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Watching energy transport through biomimetic nanotubes

Scientists from the University of Groningen (the Netherlands) and the University of Würzburg (Germany) have investigated a simple biomimetic light-harvesting system using advanced spectroscopy combined with a microfluidic platform. The double-walled nanotubes work very efficiently at low light intensities, while they are able to get rid of excess energy at high intensities. These properties are useful in the design of novel materials for the harvesting and transport of photon energy. The results were published in the journal Nature Communications on 10 October.

The remarkable ability of natural photosynthetic complexes to efficiently harness sunlight — even in dark environments — has sparked widespread interest in deciphering their functionality. Understanding energy transport on the nanoscale is key for a range of potential applications in the field of (opto)electronics. The overwhelming complexity of natural photosynthetic systems, consisting of many hierarchically arranged sub-units, led scientists to turn their attention to biomimetic analogs, which are structured like their natural counterparts but can be more easily controlled.

Ligh-harvesting molecules

The Optical Condensed Matter Science group and the Theory of Condensed Matter group (both at the Zernike Institute for Advanced Materials, University of Groningen) have joined forces with colleagues from the University of Würzburg (Germany) to gain a comprehensive picture of energy transport in an artificial light-harvesting complex. They used a new spectroscopic lab-on-a-chip approach, which combines advanced time-resolved multidimensional spectroscopy, microfluidics, and extensive theoretical modeling.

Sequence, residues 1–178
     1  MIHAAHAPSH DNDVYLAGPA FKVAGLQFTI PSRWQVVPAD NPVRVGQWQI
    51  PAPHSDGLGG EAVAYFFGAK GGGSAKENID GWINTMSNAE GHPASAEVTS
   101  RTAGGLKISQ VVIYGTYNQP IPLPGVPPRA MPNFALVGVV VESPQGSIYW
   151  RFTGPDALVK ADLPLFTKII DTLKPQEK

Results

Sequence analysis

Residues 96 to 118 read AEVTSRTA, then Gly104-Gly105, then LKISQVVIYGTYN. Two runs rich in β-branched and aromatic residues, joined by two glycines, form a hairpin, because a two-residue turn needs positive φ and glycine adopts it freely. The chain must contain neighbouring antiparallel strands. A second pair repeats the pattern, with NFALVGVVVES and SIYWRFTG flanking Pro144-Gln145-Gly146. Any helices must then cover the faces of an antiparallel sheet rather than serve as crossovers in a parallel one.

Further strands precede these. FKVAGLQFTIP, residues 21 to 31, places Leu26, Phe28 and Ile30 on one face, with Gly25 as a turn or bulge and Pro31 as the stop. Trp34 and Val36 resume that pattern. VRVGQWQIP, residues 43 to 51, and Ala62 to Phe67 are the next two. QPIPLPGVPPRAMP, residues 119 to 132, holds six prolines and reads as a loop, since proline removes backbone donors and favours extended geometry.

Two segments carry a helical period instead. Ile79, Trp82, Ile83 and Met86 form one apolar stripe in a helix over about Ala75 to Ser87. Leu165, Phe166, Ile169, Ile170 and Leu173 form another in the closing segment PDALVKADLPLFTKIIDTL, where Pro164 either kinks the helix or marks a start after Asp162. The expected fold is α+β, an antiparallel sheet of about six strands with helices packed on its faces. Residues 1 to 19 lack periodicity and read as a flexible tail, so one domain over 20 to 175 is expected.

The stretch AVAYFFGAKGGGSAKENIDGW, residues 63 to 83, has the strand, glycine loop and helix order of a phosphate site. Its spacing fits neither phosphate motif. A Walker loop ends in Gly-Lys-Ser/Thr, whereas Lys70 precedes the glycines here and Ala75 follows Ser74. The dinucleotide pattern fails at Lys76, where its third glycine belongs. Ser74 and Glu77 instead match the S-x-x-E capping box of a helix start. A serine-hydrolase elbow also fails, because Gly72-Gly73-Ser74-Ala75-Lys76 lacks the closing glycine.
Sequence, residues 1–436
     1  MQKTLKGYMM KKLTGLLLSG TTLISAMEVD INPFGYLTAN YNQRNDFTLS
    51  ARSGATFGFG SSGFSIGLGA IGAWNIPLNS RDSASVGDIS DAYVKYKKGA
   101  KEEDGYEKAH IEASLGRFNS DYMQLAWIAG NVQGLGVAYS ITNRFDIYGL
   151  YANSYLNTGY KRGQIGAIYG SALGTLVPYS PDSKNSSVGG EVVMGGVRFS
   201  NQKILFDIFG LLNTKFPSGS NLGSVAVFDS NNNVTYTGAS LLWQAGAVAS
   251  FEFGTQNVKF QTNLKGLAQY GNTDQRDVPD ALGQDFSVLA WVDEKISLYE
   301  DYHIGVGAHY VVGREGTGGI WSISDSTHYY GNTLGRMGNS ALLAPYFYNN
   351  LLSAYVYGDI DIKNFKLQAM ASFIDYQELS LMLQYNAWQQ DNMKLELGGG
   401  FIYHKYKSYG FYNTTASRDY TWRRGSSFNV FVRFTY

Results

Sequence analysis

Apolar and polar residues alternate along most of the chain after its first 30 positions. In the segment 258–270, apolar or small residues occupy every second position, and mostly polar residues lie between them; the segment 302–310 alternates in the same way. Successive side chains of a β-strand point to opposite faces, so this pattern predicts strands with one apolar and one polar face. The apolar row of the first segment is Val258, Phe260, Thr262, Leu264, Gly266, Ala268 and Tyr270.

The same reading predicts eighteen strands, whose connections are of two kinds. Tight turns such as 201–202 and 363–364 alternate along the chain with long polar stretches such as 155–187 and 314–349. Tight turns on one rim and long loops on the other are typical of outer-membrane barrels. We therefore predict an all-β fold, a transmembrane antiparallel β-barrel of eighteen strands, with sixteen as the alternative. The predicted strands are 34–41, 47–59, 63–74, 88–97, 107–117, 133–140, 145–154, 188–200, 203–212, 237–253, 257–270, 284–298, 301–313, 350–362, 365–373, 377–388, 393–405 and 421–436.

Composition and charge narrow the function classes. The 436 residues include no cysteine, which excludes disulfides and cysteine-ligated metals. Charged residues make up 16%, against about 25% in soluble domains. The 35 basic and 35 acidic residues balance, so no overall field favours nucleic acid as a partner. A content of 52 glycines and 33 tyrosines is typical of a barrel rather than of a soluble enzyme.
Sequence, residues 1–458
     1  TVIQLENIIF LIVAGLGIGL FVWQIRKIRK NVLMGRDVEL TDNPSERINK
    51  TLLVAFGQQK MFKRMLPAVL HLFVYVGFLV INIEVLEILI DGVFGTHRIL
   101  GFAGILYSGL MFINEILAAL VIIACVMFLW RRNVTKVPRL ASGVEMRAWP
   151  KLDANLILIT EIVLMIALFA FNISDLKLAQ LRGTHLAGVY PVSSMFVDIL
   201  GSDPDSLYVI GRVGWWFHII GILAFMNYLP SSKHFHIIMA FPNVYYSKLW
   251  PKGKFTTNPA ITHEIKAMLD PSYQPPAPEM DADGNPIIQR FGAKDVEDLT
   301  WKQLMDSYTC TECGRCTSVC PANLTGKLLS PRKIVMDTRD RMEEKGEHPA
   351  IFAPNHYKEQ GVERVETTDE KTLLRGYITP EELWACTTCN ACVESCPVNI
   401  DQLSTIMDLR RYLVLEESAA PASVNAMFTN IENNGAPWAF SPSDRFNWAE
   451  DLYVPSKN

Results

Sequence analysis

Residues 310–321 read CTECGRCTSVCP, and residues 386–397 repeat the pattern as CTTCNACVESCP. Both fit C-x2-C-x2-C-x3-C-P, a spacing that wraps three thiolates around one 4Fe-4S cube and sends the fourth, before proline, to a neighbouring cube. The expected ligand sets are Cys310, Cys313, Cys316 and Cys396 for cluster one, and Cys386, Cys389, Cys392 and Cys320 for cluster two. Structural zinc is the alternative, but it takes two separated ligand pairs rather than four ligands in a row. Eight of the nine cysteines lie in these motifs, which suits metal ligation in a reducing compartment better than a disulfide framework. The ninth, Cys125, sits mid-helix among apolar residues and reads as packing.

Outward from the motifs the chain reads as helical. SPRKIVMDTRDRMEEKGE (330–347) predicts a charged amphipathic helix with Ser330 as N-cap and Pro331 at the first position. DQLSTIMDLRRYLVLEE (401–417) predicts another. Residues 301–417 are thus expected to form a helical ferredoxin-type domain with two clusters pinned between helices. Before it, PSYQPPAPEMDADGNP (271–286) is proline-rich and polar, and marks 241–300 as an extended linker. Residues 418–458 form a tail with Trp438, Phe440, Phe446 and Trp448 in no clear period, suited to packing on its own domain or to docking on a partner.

The scientists investigated an artificial light-harvesting device, inspired by the multi-walled tubular antenna network of photosynthetic bacteria found in nature. The biomimetic device consists of nanotubes made out of light-harvesting molecules, self-assembled into a double-walled nanotube. ‘However, even this system is rather complex,’ explains Maxim Pshenichnikov, professor of ultrafast spectroscopy at the University of Groningen. His group devised a microfluidic system, in which the outer wall of the tube can be selectively dissolved and, thus, switched off. ‘This is not stable, but in the flow system, it can be studied.’ In this way, the scientists could study both the inner tube and the complete system.

Adapting

At low light intensity, the system absorbs photons in both walls, creating excitations or excitons. ‘Due to the different sizes of the walls, they absorb photons of different wavelengths,’ Pshenichnikov explains. ‘This increases the efficiency.’ At high light intensity, a large number of photons are absorbed, creating a huge number of excitons. ‘We observed that, when two excitons meet, one of them actually ceases to exist.’ This effect acts as a kind of safety valve, as high numbers of excitons could damage the nanotubes.

Thus, the scientists also demonstrated that the double-walled molecular nanotube is capable of adapting to changing illumination conditions. They mimic the essential functional elements of nature’s design toolbox at low light conditions by acting as highly sensitive antennas but get rid of excess energy at high intensities when there is too much light — a situation that would not normally occur in nature. Both these properties pave the way for better control of the transport of energy through complex molecular materials.

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Scientists construct energy production unit for a synthetic cell